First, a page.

“In every age the wisest have passed the identical judgement on life: it is worthless… Does wisdom perhaps appear on earth as a raven which is inspired by the smell of carrion? … … Even Socrates said as he died: ‘To live – that means to be a long time sick: I owe a cock to the saviour Asclepius’. Even Socrates had had enough of it… – Did he himself grasp that, this shrewdest of all self-deceivers? Did he at last say that to himself in the wisdom of his courage for death? … Socrates wanted to die – it was not Athens, it was he who handed himself the poison cup, who compelled Athens to hand him the poison cup. … ‘Socrates is no physician,’ he said softly to himself: ‘death alone is a physician here. … Socrates himself has only been a long time sick…’”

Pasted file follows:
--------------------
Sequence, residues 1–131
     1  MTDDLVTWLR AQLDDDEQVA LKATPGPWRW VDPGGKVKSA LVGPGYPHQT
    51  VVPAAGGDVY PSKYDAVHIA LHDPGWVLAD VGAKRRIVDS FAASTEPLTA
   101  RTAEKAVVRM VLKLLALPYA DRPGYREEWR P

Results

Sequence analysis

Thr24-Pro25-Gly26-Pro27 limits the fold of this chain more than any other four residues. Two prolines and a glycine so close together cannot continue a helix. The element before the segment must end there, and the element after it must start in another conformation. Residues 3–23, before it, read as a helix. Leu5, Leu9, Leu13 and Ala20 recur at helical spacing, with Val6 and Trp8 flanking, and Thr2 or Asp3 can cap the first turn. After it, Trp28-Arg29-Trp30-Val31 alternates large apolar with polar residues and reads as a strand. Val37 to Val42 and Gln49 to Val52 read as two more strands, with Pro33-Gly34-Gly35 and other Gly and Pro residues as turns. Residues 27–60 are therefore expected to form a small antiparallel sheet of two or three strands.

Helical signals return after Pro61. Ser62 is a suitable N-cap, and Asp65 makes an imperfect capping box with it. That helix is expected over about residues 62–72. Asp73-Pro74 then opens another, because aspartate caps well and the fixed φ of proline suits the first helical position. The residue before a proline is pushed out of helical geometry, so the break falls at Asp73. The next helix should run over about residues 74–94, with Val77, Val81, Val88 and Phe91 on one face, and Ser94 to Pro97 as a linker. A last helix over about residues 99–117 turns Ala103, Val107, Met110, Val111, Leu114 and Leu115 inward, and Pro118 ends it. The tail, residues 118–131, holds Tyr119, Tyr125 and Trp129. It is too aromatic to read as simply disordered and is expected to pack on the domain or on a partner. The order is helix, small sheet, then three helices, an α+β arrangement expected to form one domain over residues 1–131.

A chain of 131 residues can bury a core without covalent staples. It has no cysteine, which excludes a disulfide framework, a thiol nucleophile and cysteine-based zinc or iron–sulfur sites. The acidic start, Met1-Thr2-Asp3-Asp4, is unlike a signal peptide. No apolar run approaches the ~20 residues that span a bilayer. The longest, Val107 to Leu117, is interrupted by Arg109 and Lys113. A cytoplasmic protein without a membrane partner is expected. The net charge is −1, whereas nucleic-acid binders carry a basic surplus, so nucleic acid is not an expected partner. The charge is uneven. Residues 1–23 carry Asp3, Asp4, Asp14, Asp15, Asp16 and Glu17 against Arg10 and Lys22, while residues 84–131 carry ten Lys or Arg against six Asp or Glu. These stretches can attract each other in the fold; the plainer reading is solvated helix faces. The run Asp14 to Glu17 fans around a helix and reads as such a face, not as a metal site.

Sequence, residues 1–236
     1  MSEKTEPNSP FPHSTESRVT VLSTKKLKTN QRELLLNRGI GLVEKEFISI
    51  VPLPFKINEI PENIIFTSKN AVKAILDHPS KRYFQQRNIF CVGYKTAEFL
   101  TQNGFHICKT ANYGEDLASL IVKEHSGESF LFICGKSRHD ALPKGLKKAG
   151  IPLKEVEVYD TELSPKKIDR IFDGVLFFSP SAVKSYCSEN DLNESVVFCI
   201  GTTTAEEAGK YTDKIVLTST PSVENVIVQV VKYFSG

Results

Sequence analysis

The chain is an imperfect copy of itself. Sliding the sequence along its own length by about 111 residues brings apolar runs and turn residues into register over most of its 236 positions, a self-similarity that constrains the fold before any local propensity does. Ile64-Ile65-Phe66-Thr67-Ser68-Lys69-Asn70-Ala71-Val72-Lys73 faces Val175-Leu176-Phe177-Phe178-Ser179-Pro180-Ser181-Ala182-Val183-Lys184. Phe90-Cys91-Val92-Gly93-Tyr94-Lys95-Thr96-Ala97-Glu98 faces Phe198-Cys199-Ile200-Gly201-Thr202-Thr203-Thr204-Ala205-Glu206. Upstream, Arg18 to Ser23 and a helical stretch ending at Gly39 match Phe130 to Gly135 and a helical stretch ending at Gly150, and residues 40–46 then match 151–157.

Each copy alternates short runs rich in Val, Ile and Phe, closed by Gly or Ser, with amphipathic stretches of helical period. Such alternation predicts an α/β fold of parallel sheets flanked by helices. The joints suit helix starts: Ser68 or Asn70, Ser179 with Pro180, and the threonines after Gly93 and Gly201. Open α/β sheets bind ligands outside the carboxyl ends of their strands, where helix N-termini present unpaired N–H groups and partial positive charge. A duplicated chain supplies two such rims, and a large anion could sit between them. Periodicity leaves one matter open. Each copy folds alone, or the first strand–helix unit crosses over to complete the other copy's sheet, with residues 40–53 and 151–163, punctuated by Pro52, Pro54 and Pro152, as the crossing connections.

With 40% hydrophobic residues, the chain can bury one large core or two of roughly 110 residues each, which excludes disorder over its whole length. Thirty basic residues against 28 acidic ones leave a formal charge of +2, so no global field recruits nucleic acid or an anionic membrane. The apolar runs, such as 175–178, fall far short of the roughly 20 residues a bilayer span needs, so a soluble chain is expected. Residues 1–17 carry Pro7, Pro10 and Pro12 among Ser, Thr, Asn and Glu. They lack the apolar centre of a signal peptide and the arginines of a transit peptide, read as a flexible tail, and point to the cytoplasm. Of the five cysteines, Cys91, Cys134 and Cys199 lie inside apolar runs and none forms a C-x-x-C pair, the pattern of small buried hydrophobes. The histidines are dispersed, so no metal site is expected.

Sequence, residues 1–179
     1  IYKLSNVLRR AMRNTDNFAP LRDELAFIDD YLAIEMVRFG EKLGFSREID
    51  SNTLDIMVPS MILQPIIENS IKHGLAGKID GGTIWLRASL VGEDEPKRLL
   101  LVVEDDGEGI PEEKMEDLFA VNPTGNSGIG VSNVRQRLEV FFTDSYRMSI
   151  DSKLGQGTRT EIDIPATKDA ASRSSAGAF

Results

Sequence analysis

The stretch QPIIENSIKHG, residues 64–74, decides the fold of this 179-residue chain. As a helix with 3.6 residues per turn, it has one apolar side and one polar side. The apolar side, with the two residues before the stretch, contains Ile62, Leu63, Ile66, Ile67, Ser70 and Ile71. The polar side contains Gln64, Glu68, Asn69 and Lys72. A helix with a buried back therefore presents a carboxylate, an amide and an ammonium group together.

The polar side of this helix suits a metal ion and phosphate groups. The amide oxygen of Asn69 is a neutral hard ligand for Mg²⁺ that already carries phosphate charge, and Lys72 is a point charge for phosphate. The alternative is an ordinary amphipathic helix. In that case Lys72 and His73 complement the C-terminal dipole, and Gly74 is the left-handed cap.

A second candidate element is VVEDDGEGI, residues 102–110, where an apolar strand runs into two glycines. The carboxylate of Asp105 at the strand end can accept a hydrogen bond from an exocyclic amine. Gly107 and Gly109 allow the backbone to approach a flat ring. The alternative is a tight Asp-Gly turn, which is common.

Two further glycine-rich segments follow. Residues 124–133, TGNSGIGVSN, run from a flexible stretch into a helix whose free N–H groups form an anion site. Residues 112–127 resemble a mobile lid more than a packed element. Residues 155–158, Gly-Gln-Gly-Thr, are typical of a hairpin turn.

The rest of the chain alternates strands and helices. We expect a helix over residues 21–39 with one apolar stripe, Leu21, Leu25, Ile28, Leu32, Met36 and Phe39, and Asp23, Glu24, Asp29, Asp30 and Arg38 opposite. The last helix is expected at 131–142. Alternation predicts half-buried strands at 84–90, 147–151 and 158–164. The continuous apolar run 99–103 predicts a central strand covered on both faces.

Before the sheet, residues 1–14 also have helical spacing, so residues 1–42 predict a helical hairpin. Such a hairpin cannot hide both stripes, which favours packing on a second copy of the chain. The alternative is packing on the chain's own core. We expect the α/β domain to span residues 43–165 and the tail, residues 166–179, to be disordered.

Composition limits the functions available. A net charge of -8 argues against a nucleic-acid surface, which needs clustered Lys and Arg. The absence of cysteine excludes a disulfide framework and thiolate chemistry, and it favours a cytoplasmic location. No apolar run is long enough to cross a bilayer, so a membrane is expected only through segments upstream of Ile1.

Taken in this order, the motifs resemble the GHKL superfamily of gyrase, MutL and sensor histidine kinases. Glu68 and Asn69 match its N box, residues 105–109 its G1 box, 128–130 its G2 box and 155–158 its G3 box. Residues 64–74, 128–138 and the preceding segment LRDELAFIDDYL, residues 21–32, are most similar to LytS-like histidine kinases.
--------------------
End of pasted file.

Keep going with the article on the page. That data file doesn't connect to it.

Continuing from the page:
Nietzsche, Twilight of the Idols, Translated by R. J. Hollingdale, Penguin, 1990.